Erin Brockovich, a long-time environmental activist, will be in Tennessee this week to hear from those who were affected by the December 22 release of coal ash at the TVA Kingston Fossil Plant.  It appears the Tennessee Valley Authority has been less than fully forthcoming about the billion-plus-gallon spill containing a variety of toxic heavy metals.  In solidarity with Ms. Brockovich, we encourage those with first-hand information about the causes and consequences of this devastating incident, whether they be TVA employees or local residents, to come forward.

Post by Anne Polansky

Erin Brockovich is perhaps best known as portrayed by actress Julia Roberts in a 2000 Oscar-winning film that tells the story of how, as an inexperienced legal aide, she was instrumental in constructing and winning a watershed legal case in 1993 against a major California utility for contaminating a large area with chromium and endangering the health of more than 600 families.  A local paper reports that she will appear at a news conference tomorrow afternoon at the Midtown Valley United Methodist Church in Kingston, and will co-host a public meeting Friday evening at a local community college in Harriman, TN with law firm Weitz & Luxenberg P.C. that specializes in tort law related to consumer safety. 

Brockovich is quoted in a Weitz & Luxenberg press release:

“My main objective in these cases is to work with the community to build trust and help protect their health and safety.  Many times, industry deceives us and government is absent. People are left standing in contamination with no help.”

This was obviously an accident waiting to happen, at any one of hundreds of coal-fired power plant sites, if not this one.  Lack of sufficient EPA regulation, combined with aging power plants and facilities, and the forces of nature combined to let gravity take its rightful course.  The word “spill,” like the phrase “global warming,” just doesn’t do justice to the assault:

When the pond wall ripped open Dec. 22, more than one billion gallons of coal ash and water spilled out like a tidal wave, sweeping a home off its foundations and tearing trees out of the ground.

There are more than 600 coal-fired power plants in the US.  As an increasing number of them are required to remove increasing amounts of combustion products leading to air pollution (such as oxides of sulfur and nitrogen), the residual by-products, in fly-ash, bottom-ash, and so on, have to go somewhere.  Free to handle the problem as they wish, coal plant operators generally dispose of it in make-shift holding ponds, absent any of the liners or other containment systems required for everyday household garbage in landfills.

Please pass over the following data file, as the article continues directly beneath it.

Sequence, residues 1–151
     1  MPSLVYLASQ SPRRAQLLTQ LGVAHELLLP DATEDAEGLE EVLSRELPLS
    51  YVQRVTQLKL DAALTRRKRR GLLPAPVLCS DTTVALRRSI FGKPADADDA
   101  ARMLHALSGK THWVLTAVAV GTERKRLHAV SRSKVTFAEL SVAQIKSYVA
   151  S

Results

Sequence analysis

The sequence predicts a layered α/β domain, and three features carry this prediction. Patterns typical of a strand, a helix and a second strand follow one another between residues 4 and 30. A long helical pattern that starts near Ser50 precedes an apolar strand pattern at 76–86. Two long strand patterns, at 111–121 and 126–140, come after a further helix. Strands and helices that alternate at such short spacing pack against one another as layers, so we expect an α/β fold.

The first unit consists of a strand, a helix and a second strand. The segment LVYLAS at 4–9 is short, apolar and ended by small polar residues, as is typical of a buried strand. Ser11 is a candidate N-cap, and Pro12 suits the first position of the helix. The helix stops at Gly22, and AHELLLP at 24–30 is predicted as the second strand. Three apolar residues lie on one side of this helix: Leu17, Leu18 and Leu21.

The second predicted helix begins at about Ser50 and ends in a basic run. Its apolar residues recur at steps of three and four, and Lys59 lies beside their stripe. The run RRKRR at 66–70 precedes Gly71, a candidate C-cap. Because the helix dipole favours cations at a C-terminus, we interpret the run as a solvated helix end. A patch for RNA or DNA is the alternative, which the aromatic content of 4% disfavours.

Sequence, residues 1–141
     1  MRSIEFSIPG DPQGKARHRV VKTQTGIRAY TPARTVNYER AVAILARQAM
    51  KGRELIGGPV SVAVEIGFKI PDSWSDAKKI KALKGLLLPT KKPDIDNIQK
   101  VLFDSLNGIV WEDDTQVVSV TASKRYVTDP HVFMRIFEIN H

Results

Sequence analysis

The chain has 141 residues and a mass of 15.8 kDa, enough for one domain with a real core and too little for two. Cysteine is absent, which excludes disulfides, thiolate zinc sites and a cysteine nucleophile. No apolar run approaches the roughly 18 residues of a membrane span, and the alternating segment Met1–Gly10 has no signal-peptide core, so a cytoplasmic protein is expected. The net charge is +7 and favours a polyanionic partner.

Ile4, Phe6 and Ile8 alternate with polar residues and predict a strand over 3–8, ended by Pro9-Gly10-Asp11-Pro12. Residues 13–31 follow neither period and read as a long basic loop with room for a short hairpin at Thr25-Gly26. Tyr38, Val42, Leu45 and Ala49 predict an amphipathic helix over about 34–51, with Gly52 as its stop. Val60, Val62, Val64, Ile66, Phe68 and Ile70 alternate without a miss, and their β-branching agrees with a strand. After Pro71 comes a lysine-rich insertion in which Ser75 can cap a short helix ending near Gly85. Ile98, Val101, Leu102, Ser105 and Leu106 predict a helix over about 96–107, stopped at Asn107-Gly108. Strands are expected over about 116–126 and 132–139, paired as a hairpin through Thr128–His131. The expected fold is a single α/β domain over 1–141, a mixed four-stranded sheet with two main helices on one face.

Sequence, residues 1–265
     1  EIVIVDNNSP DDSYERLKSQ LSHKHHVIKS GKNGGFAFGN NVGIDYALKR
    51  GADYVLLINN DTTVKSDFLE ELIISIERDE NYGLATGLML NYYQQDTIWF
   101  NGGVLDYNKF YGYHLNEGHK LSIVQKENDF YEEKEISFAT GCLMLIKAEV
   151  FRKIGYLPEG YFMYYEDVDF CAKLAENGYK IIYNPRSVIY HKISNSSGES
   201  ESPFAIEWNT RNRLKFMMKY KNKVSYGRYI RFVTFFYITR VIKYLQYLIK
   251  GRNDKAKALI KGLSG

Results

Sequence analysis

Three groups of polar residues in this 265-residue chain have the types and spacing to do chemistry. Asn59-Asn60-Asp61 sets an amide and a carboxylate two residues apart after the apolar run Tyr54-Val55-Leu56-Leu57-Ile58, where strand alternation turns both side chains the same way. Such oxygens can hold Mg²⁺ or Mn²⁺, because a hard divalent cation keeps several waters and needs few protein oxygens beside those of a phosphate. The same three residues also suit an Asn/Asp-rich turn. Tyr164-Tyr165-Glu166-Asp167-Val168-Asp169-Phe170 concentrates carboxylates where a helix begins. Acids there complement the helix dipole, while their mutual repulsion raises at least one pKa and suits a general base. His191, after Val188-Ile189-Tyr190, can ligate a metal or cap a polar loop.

And despite the fact that coal ash is a viable feedstock for cement production, rendering it essentially harmless, too little of it is diverted for this use.  (This is a topic worthy of revisiting.)

The extent of the problem was reported January 6 in the New York Times:

The coal ash pond that ruptured and sent a billion gallons of toxic sludge across 300 acres of East Tennessee last month was only one of more than 1,300 similar dumps across the United States — most of them unregulated and unmonitored — that contain billions more gallons of fly ash and other byproducts of burning coal.

In this article, the New York Times will say what TVA seems unwilling to say:

Numerous studies have shown that the ash can leach toxic substances that can cause cancer, birth defects and other health problems in humans, and can decimate fish, bird and frog populations in and around ash dumps, causing developmental problems like tadpoles born without teeth, or fish with severe spinal deformities.

The same article quotes Dr. Thomas A. Burke, an epidemiologist at the Johns Hopkins Bloomberg School of Public Health:  “It’s such a large volume of waste, and it’s so essential to the country’s energy supply; it’s basically been a loophole in the country’s waste management strategy.”

A loophole?  That’s being generous.  A loophole is an unintended opening that allows the savvy to get around a comprehensive regulation.  We can’t see much here that was unintended:  the Bush administration saw to it that coal producers were able to conduct business-as-usual, unencumbered with inconveniences such as protecting public health and welfare.  EPA rules have been pending for nearly a decade.  While many of us were focused on the atmosphere and air emissions, another problem at our feet, quite literally, was brewing. 

A retired mining engineer who is reported to have investigated a 1972 coal waste dam break that killed 125 people in West Virginia, Jack Spadaro, has claimed that states, in general, have failed to adequately monitor and regulate these coal ash ponds, troubling since the federal government has failed to address the problem sufficiently. 

Isn’t this just one more nail in the coffin in the case against burning coal to make electricity?  The case needs to be made, not just with global climate disruption in mind, but also in terms of the entire panoply of economic and adverse environmental impacts of coal combustion and the full fuel cycle.